Washington — After a summer of soaring gasoline costs, people should not expect cooler weather in autumn to end their energy woes. Prices at the gasoline pump probably will stay high and record heating bills in the winter are almost certain to follow.
The Energy Department predicts that heating costs for homes using natural gas or fuel oil could be 16 percent to 25 percent higher than last year. That estimate came before the latest price spike in crude oil and natural gas.
Already, drivers are reeling from gasoline prices that are approaching $3 a gallon in some areas and averaging $2.55 a gallon nationwide. Prices are expected to ease after Labor Day, but not by much, analysts predict, as crude oil prices remain above $60 a barrel.
Utilities are warning customers that their bills will be high this winter, says Chris McGill, of the American Gas Assn., which represents the natural gas retailers.
Wholesale prices for natural gas have soared along with crude oil and gasoline.
The Energy Information Administration estimates that natural gas could cost more than $10 per thousand cubic feet by January, about 30 percent more it did this summer.
The increase to consumers is usually less because the actual gas accounts for about half of a typical bill and the other half usually remains pretty constant, according to the retailer's group. Utilities also have bought gas at the lower price this summer and are storing it.
A little more than half of U.S. homes use natural gas for heating; the heaviest concentration is in the Midwest.
About 9 percent use fuel oil, mostly in the Northeast. The rest use electricity, with a small number relying on propane. The cost of these fuels is rising, too.
People are being hit with a "triple whammy," said David Fox, executive director of the Campaign for Home Energy Assistance. The Washington-based group advocates for more federal money to help needy people pay home heating and cooling bills.
This summer's string of 100-degree temperatures in many parts of the country caused greater use of air conditioners and produced high electricity bills that many people have yet to pay.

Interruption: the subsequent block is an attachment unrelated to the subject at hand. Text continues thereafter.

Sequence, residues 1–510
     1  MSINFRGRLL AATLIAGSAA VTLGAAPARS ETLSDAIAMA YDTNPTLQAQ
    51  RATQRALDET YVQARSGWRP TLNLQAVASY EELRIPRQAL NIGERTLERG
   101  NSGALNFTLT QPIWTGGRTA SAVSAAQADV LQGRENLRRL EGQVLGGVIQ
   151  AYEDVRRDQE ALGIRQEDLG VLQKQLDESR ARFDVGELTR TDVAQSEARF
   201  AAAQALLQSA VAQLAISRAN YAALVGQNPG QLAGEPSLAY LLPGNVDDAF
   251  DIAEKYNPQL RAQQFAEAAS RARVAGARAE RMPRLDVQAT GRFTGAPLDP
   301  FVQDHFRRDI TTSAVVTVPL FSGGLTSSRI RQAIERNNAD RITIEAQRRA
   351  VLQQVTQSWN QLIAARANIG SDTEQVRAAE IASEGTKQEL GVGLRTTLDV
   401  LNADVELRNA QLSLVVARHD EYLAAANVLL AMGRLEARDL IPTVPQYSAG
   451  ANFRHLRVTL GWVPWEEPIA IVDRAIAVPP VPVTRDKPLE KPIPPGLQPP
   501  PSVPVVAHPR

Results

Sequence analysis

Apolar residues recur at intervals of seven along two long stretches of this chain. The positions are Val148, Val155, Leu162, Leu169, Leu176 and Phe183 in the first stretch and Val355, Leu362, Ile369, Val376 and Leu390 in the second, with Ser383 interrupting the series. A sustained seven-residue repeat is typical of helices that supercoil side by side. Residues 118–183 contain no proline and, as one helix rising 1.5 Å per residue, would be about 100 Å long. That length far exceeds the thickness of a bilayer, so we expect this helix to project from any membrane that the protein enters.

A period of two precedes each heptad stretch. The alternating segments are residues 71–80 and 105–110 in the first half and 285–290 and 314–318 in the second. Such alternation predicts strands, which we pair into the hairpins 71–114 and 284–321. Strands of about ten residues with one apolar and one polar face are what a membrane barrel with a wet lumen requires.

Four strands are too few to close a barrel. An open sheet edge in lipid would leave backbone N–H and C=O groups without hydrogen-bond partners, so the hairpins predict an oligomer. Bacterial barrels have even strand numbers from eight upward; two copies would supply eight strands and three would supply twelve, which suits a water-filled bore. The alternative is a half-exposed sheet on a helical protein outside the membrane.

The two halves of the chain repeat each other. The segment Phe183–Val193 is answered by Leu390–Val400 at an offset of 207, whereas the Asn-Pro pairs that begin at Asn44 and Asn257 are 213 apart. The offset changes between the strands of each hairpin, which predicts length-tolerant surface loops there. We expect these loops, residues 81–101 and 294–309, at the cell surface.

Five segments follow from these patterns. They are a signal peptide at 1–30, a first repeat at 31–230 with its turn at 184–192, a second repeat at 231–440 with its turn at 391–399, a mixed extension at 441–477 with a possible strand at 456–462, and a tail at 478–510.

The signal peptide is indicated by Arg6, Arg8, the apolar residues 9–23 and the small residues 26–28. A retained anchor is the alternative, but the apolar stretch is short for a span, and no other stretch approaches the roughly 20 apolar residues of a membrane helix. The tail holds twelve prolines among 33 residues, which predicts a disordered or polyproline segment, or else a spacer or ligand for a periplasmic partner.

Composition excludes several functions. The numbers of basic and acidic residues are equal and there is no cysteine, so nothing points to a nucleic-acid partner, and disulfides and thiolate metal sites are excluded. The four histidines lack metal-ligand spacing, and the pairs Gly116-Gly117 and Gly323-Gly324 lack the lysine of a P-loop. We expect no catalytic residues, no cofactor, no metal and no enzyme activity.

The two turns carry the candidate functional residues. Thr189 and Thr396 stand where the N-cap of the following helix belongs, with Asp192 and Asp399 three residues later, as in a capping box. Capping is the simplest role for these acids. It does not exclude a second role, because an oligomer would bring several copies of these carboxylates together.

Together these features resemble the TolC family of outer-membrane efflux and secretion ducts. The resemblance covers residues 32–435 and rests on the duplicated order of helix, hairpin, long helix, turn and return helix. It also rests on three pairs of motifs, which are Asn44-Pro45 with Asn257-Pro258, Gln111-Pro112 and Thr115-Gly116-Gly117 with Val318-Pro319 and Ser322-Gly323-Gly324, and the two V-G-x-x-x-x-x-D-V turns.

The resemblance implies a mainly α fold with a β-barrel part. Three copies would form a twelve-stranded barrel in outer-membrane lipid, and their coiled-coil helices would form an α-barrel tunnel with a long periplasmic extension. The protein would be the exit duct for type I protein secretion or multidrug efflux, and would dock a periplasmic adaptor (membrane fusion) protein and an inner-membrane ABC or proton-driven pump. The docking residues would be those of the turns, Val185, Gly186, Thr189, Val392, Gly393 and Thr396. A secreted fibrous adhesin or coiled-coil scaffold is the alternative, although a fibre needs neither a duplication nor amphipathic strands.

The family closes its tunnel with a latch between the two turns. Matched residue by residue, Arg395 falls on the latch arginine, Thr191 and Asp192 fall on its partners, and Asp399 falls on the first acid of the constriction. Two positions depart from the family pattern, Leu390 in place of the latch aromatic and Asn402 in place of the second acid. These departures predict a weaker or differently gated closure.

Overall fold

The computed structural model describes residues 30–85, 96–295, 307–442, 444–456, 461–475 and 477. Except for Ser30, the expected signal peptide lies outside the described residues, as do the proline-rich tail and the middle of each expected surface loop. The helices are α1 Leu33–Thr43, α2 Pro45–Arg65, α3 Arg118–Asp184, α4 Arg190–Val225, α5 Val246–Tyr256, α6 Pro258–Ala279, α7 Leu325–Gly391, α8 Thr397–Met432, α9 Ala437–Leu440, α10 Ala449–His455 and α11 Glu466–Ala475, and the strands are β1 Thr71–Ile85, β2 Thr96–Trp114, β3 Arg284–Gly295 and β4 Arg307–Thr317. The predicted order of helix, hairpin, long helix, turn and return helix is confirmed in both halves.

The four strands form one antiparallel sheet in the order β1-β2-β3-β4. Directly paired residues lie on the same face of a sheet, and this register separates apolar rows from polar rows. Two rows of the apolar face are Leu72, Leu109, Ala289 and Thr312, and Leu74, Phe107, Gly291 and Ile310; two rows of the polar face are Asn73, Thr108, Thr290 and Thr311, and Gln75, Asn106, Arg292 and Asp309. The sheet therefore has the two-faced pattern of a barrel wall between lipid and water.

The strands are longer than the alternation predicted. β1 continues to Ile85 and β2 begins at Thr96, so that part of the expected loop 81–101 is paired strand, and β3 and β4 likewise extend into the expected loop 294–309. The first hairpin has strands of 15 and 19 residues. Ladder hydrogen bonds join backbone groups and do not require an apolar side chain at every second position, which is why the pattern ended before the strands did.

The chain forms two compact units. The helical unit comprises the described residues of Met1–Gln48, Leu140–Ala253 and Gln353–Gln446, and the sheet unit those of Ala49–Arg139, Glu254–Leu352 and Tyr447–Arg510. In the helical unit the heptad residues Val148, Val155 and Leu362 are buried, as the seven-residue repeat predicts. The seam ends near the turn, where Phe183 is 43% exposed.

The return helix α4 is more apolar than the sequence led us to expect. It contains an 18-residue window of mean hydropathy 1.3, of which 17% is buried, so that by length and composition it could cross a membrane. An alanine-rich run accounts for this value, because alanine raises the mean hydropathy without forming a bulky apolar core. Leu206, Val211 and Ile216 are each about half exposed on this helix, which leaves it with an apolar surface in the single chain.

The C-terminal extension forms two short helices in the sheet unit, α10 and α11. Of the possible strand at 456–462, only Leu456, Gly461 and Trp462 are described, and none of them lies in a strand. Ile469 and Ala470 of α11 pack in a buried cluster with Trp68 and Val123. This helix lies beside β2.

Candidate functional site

Then came skyrocketing prices at the pump, on average 67 cents a gallon higher last week than a year ago. Now there is the prospect of big heating bills looming.
"I see a very difficult winter ahead," Fox said.
The recently enacted energy bill authorizes $5.1 billion a year in government energy assistance. But Congress traditionally has funded much less than what is authorized.
This year Congress is providing a little more than $2 billion for the budget year that begins Oct. 1.
Fox said that would not be nearly enough for the demand.
"People will have to be turned away," he said.
Nearly two out of three people surveyed believe today's high gasoline prices will adversely affect them financially for the next six months, according to a recent AP-AOL poll.
"For people on fixed incomes, a lot of them are already pinched and have very little to give up. ... anything further will be a hardship," said Bill Godsell, a retiree in Iowa Falls, Iowa.
Jean Casinger, a retiree in Oakland, Ore., said she does not drive more than she has to but cannot avoid the 40-mile round trip to get chemotherapy treatments. The cost of gas is a problem now, and higher heating costs will make the problems worse, she says.
"It's going to have an effect this winter on my finances," she said.